One of the joys and rewards I find delight in about teaching and sharing mindfulness is when it really begins to organically stick with my students.
I used to think that I was the only one jumping up and down, excited about teaching mindfulness practices, especially during the early days when I had just begun to share it. Despite initial bland expressions and responses when I first introduced mindfulness to my students, I stuck with it over the months and years as I was so passionate about it. I began to check in more frequently with the students in regards to how they felt about the different mindfulness practices we had worked on and over time I started to hear more and more of their thoughts. At times they expressed things that they loved about mindfulness and other times what they didn't like about it which was great feedback for me.
They surprised me with their honest reflections. For example, a student once opened up that she was so busy during the week that she was stressed out. She said that mindfulness practice was the only time that she could relax because her after school schedule was jammed up every day with either piano, Mandarin, English, or violin lessons. She said that if she was lucky, she would some times have Fridays off to play.
Another student upon reflection said he thought mindfulness was a waste of time. Trying not to react in defence, I asked him to explain why he felt it was a waste of time, so that I could better understand his thoughts.
He then went on to explain that his mother always said to him that in order to be productive and to improve himself, he had to do extra math, English, and Mandarin, so his interpretation of mindfulness was that it was 'doing nothing', therefore useless to him. I did not judge his response instead try to understand his point of view.
Receiving regular feedback from my students about how they feel about mindfulness allows me to personalize and provide choice in regards to the practice itself. For example, I often use eye-pillows with my students during the mindfulness sessions. One of my students prefers not to be still and lay down, so I allow him to quietly walk around helping me to place the eye pillows gently on the other students.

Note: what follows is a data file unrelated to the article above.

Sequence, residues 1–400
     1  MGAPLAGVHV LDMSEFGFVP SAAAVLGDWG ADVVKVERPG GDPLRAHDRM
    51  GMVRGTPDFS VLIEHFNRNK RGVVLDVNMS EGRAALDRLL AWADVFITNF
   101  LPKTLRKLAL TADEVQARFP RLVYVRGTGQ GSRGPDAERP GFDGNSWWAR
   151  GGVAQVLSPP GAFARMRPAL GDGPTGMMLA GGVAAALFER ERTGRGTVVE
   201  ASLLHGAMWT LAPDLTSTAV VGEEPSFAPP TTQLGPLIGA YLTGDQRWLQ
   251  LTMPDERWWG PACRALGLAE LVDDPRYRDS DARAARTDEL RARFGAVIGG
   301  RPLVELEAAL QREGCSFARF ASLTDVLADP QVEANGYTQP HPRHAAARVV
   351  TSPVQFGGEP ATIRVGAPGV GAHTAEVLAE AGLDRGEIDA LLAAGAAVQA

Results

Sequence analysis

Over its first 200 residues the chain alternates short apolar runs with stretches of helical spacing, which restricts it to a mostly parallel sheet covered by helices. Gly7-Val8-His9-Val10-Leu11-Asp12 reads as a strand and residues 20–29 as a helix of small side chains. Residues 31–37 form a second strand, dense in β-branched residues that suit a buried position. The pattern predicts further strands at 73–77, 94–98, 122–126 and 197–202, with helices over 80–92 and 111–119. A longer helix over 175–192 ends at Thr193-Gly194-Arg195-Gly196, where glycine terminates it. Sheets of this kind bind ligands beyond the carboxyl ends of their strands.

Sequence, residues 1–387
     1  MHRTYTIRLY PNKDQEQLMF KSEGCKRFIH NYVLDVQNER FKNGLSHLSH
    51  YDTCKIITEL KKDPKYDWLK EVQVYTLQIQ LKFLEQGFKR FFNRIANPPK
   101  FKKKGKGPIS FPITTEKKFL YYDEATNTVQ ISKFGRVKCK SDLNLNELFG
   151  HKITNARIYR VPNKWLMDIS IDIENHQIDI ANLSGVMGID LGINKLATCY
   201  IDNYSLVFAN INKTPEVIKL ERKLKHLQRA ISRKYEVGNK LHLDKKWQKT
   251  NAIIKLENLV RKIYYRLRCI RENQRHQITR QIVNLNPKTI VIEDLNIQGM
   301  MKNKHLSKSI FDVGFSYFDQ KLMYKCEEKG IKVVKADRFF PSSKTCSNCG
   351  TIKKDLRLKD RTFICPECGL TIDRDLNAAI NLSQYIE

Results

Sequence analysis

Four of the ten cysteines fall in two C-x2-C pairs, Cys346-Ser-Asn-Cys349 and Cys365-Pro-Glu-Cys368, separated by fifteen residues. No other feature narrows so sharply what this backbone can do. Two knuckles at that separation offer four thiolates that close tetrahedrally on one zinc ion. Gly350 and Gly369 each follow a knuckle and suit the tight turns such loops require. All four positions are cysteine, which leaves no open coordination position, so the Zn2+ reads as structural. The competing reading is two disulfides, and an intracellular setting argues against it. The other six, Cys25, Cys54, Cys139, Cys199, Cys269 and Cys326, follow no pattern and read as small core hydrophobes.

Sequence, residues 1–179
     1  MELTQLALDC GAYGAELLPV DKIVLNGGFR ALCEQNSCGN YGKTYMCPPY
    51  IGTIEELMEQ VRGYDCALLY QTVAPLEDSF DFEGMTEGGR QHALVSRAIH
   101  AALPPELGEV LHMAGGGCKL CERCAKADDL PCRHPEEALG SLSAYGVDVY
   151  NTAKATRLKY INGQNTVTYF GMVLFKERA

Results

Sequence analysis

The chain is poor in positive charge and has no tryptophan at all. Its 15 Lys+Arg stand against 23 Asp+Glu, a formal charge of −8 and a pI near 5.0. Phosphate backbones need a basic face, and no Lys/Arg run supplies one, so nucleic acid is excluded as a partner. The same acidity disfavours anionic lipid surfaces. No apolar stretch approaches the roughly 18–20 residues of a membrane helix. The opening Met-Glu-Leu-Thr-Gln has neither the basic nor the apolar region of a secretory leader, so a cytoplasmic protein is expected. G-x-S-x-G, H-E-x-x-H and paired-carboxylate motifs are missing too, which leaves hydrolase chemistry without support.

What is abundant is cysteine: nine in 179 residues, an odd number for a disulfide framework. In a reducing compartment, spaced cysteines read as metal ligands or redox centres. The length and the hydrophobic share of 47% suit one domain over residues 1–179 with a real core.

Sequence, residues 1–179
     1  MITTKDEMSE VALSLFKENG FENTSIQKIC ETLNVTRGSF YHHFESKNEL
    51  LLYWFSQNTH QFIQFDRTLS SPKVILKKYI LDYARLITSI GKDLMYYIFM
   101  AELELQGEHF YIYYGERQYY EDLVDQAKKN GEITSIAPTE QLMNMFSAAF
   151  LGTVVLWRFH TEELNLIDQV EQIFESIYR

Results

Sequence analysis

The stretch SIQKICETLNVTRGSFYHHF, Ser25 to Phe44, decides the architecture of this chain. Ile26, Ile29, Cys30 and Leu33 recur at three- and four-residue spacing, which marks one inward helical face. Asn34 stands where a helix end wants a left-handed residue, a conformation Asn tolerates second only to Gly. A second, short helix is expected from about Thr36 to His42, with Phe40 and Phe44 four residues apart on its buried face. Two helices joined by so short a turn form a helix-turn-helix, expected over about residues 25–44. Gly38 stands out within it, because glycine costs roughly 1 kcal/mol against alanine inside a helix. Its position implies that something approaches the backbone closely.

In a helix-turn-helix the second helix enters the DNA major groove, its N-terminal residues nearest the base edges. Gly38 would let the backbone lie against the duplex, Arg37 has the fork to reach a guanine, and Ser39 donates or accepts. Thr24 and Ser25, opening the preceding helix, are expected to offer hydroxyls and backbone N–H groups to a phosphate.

I have another student who has difficulty remaining still but still likes to take part in the activities. However, instead of remaining still, he quietly rocks back and forth or side to side as he listens. After one session he thanked me and told me that he could see what was going on in his mind. He said that he cannot be still in his head because it's like ten giant screens playing images all at once. This was a great first step to personalize my practice for him in order to help him quiet his mind.
Ending my mindfulness sessions with time to reflect is a valuable tool as it allows my students' voices to be heard. We always purposely pause and listen to one another's thoughts and opinions about the mindfulness practice.
Although they all don't fully embrace it, having done mindfulness with my students for four years now has allowed me to see that many of them are really beginning to understand the value that the practice can bring to their lives in helping to calm them, reduce anxiety and lower stress.
How happy I am to water the seeds of mindfulness in these young and beautiful minds.
Neila Steele & Andy Vasily